The case of Emery Planning Partnership Ltd v Bevan  EWHC 494 (QB) provides a helpful insight into the approach taken by the Court towards the failure by a Claimant to evidence a debt claim and is a stern reminder for Claimant’s to properly evidence sums due.
By way of background, the Claimant provided planning services to the Defendant. The Claimant invoiced the Defendant for the planning services rendered and the Defendant paid all but six outstanding invoices to the Claimant.
A claim was issued for sums due pursuant to the six outstanding invoices and a defence and counterclaim were filed by the Defendant alleging breach of duty, causing the Defendant financial loss.
The Court dismissed the counterclaim but found the Claimant had failed to prove the quantum of its claim for the sums alleged due under the six outstanding invoices.
The claimant had assumed in its skeleton argument that there would be no issue that the sums invoiced had been calculated correctly as the Defendant had not suggested that there had been an ‘arithmetical error’ or other flaw in the calculation of sums due under the six outstanding invoices.
At Trial, the Court held that the Defendant could rely on CPR 16.5(3) to put the Claimant to proof of the amounts alleged to be due and owing under the six outstanding invoices.
The Claimant appealed and on appeal, Turner J held that CPR 16.5(4) was most pertinent as the Defence did not expressly admit the allegation that the amounts set out in the outstanding invoices were due. Turner J therefore held that the Claimant remained obliged to evidence the six outstanding invoices, despite the absence of any particularised challenge in the pleaded defence.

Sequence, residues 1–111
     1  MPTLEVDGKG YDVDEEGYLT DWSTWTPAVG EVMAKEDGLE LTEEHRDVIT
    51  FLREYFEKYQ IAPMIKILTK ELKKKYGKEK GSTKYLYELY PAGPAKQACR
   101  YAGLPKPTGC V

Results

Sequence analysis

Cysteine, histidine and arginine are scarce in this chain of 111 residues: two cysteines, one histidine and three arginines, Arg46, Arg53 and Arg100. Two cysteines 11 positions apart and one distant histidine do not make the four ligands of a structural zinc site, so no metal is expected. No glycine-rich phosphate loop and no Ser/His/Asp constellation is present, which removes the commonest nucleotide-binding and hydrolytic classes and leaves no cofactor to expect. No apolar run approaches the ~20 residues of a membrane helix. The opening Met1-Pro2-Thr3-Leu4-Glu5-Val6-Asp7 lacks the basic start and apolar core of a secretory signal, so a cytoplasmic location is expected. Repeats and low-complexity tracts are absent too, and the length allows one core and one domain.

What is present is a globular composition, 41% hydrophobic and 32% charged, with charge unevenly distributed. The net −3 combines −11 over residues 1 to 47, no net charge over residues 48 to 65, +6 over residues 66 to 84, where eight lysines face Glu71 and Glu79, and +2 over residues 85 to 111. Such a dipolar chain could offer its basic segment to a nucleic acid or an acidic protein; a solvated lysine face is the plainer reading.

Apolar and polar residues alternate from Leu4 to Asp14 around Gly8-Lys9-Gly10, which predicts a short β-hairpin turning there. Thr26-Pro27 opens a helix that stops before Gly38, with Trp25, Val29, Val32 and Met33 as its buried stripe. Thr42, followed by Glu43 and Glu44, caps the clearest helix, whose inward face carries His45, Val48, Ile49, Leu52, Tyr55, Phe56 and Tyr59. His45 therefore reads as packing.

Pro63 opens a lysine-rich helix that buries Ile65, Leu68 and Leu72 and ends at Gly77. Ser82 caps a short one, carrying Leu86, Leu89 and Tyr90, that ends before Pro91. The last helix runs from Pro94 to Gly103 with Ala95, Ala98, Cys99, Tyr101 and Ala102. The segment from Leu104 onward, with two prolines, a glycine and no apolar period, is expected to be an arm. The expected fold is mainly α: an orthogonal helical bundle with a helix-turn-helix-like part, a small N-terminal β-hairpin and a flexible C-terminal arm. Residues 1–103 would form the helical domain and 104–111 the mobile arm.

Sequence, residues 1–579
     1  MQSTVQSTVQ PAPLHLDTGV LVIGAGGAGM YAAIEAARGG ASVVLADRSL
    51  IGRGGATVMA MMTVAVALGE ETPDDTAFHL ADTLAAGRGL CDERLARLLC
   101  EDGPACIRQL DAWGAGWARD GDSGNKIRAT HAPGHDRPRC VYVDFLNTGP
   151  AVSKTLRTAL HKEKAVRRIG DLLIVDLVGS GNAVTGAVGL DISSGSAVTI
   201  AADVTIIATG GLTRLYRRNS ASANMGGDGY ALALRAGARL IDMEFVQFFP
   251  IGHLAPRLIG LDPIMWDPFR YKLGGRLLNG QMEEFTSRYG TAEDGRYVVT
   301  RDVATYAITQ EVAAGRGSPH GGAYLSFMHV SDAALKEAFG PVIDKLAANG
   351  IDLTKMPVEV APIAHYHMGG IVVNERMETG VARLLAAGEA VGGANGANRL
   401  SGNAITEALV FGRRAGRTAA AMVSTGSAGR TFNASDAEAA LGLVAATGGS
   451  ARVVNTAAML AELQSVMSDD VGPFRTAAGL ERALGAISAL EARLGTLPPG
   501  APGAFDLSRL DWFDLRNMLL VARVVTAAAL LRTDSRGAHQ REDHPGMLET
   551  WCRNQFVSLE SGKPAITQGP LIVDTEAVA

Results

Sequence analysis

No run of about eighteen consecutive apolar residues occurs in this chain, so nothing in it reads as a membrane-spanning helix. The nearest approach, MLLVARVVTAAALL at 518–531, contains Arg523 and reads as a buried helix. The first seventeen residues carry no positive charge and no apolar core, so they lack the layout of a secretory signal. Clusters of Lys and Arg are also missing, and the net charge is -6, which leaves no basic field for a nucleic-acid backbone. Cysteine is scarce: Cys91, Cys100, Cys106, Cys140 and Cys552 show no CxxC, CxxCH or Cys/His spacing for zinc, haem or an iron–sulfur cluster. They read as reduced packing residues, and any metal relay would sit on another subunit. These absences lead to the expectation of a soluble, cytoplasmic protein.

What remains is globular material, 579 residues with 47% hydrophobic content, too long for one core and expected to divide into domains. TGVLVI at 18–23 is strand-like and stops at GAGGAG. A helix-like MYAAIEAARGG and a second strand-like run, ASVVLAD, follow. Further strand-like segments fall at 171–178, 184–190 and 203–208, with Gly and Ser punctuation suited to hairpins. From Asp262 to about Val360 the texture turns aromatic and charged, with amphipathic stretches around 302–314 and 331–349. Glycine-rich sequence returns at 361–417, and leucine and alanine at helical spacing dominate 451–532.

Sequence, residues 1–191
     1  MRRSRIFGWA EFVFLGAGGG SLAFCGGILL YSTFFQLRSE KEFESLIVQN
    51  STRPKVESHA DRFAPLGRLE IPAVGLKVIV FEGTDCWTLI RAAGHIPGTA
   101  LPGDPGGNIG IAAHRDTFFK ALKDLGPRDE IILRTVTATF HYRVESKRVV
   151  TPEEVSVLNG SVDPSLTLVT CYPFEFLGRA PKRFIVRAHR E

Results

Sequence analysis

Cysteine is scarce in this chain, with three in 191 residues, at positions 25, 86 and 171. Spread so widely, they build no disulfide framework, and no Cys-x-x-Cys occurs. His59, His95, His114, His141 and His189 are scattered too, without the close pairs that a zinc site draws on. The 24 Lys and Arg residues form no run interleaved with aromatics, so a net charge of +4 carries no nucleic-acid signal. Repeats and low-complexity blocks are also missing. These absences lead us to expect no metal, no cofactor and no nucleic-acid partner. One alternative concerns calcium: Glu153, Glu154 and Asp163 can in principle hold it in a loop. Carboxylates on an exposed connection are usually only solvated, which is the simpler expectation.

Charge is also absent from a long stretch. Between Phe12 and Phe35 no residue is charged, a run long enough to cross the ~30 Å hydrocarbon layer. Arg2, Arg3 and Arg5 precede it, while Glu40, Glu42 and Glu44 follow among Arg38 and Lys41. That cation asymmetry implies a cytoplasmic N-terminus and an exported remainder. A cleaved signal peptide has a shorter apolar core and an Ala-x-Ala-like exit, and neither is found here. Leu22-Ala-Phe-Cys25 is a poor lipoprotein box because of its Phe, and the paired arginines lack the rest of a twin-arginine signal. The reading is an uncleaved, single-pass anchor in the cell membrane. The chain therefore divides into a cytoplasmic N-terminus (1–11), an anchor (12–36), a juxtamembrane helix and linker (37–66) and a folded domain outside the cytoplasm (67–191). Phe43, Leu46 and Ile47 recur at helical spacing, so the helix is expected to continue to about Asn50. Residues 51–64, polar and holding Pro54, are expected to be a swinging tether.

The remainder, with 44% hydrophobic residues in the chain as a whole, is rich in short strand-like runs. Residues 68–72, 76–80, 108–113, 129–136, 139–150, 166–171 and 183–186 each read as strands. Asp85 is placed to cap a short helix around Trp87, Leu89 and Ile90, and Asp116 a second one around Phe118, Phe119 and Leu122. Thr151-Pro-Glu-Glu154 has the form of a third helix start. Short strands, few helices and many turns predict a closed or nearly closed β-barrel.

The main issue on appeal was therefore whether the Court was entitled to find on the evidence before it that the burden had not been discharged.
The Court concluded that the Claimant ought to have provided evidence of who did the work, how long it took and what was involved to discharge the burden of proof
Turner J found that, save for one exception the Court had been entitled to take the view it did as to the steps which the Claimant ought to have taken to prove quantum of its claim. Turner J did find that the Court could have entered Judgment for a sum to be determined, but the Claimant had not requested this, and Turner J declined to do so on appeal.
This case serves as a caution to Claimants to properly evidence sums due, even in the absence of a challenge to the sums claimed, and whilst the Court has made it clear that each case will depend upon its own facts, it is worth Claimant’s evidencing each pleading in evidence, even those that have not been expressly denied.
Written by : Leonie-Robyn Murtagh, Associate Solicitor
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